If you read my posts (thanks if you do) I am certain you might get a little tired of the terms “collaboration” and “transparency”. However, the truth is technology is democratizing much of the world; this is a reality everyone should ponder. You just can’t hide anymore and this fact is very hard for some people to accept. What is even more challenging a notion is that competitive collaboration can lead to more fruitful innovations which is unquestionable and done every day in other industries but for some to get their minds around that idea is like asking them to jump off a high rise in the belief they won't be harmed (remember the matrix video?). In reflecting on some events last week, I had to ponder these subjects myself because of what happened, again. You see it is apparent to me thata lack of transparency and a failure to collaborate are some of the biggest challenges our industry faces. Its getting back to the scacity thinking again snd please bare with me while I explain.
In a few of my networks last week I shared that Johnson Health Tech, which manufactures the Matrix Fitness brand, is recalling Matrix Fitness trainers and ellipticals that pose a fire hazard. The U.S. Consumer Product Safety Commission announced the recall on January 23, 2014.. About 2,800 Ascent Trainers by Matrix and Matrix Fitness elliptical units that were installed from November 2011 through December 2012 are being recalled.
As Club Industry reported and tweeted , this is the second product recall pertaining to the fitness industry that the CPSC has announced this month. Cybex International is recalling 234 Olympic decline free weight benches manufactured from December 2008 to September 2013.
What was interesting were several emails I got from a few people who found my tweeting the recall and sharing it on Linkedin “distasteful”, “tacky”, reflecting a “lack of credibility”, being “negative” and “undermining the industry” . Are you kiding me ? You might only imagine the origin of some of these emails. By the way, this information was being shared all over the Internet by others and I did not in any way twist the facts or share a particular view on it. I'm not being defensive when I say that many of our customers and industry friends rely on me sharing pertinent industry information, which I try to do. Do some people really believe that tweeting (sharing) public information about an equipment recall is somehow undermining a global brand like Matrix ? Or is the sensitivity a sign of something else ? I think its the later. Give me a break.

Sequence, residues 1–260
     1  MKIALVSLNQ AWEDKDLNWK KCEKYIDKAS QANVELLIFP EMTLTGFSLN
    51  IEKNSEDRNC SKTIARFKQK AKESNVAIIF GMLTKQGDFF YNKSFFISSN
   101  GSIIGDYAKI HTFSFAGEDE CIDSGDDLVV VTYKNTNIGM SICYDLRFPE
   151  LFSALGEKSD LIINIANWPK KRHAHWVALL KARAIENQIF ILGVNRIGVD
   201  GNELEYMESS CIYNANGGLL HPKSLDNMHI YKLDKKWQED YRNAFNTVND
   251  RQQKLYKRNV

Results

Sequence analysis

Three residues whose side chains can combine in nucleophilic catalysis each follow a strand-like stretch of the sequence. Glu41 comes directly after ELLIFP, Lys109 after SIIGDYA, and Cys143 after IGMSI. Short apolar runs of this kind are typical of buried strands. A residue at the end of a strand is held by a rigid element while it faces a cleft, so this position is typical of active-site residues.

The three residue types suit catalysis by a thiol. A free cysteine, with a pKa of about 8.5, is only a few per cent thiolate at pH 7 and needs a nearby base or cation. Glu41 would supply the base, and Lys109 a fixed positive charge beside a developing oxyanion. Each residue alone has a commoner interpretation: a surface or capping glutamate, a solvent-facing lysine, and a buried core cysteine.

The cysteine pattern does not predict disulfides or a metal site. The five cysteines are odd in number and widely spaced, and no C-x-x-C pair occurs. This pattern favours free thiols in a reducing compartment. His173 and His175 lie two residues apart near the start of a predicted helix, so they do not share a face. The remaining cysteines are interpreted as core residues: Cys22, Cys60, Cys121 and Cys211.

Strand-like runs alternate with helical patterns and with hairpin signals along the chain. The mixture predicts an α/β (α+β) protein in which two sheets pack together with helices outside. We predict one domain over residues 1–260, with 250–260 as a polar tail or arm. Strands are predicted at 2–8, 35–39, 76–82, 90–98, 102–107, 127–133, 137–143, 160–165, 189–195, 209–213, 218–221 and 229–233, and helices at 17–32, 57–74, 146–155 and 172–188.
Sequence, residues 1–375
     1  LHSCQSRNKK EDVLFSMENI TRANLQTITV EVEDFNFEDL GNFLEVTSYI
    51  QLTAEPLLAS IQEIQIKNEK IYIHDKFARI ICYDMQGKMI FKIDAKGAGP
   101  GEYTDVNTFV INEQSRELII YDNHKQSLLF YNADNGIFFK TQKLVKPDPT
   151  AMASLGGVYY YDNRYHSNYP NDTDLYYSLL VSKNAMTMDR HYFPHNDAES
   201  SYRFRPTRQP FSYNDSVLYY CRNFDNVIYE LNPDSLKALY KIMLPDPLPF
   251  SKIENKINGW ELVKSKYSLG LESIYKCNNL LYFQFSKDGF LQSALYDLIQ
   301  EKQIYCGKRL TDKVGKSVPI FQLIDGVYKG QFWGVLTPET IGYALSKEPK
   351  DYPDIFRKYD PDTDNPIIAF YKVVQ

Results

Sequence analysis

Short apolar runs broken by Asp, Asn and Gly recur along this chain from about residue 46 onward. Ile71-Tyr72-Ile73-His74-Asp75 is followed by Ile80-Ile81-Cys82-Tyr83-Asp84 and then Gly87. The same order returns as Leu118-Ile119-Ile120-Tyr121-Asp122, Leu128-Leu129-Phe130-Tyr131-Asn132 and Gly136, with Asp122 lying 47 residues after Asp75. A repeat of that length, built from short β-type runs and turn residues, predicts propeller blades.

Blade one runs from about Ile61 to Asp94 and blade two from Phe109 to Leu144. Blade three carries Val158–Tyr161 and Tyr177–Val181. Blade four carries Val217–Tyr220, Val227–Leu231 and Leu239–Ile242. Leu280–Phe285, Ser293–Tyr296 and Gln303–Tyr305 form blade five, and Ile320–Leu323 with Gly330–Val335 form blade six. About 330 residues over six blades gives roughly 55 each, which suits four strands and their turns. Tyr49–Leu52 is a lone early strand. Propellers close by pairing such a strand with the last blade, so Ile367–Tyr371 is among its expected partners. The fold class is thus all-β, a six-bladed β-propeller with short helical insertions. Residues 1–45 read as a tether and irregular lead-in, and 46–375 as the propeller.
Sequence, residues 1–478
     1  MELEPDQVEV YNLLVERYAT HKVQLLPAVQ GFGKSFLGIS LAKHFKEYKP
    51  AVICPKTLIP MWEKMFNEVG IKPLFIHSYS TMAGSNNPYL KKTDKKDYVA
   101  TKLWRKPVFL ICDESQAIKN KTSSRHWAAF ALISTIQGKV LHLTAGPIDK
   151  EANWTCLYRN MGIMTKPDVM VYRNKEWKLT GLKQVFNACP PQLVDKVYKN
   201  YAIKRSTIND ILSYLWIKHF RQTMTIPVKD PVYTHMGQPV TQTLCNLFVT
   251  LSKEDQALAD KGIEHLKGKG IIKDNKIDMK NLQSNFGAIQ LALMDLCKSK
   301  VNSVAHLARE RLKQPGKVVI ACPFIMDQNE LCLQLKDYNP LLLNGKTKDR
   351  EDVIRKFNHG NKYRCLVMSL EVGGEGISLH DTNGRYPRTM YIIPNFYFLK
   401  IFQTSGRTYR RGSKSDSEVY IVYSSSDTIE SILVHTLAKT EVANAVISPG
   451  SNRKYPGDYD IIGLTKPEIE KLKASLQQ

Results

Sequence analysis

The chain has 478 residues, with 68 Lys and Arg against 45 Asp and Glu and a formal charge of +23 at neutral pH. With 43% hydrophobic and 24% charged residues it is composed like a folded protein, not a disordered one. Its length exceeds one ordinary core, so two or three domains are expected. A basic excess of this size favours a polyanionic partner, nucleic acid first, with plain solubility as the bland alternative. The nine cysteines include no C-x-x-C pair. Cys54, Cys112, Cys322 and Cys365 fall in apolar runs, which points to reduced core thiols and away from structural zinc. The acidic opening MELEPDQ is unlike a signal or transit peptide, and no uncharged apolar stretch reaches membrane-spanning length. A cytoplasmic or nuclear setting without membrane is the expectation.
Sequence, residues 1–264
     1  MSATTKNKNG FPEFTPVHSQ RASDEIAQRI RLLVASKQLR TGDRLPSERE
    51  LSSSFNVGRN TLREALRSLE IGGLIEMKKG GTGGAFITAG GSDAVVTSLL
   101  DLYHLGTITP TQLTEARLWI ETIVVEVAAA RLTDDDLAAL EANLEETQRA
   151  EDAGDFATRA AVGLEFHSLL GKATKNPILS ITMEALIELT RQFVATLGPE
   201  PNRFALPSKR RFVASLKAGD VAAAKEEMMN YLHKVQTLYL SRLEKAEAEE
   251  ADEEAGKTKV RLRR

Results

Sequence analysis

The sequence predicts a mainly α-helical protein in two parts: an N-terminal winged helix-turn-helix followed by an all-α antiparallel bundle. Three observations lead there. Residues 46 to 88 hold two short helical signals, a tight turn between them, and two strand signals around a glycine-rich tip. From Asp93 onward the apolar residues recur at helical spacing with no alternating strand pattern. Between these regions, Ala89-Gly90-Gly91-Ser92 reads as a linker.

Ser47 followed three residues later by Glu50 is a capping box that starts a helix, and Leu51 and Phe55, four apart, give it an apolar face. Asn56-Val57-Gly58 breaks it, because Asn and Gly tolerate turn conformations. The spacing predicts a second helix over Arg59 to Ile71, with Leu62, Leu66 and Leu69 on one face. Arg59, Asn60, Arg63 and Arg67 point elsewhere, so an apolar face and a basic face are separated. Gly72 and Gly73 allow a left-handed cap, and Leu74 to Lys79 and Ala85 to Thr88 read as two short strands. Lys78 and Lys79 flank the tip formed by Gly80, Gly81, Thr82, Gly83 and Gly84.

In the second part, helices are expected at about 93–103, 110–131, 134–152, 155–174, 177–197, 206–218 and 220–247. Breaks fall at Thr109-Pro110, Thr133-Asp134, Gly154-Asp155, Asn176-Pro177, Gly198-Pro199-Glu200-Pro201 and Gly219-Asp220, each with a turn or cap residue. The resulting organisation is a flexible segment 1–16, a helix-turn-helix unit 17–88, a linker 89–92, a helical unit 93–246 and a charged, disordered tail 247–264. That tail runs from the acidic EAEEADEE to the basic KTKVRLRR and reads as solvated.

Before I get into this subject and In the interest of full disclosure (again to transparency) our organizations have happily done work for and with Star Trac, Schwinn, Stairmaster and Mr. Michael Bruno with whom we have a wonderful relationship. We also advise and sell other equipment, programs like Les Mills, services and technologies. We work with some of the leading bricks and mortar health club brands in the for profit and non-profit club business among doing many other things. I guess any of these various players could see each other as competitors but we try to be as transparent as we can keeping the big picture in mind. Most people who know me, follow me and read my work would think we are pretty transparent (I hope). I don’t think you couldn’t know what I am doing or where I am on any given day and we don’t try and hide it. If you disagree please let me know.
What the emails and comments I received regarding the Matrix Fitness story did reflect is something I’ve noticed over the years in the health club and fitness industry in general. Its called a scarcity attitude. Of course there will always be a bit of strain and stress in any marketplace and not everyone is going to like you. Robert Dyer and I laughingly say that many of the organizations and professionals we speak with before they get to know us keep waiting for the “hook”, but there is no hook when it comes to us. I don’t think some people believe that though because of other experiences they have, like my emails they are accustomed to a lack of collaboration and scarcity thinking.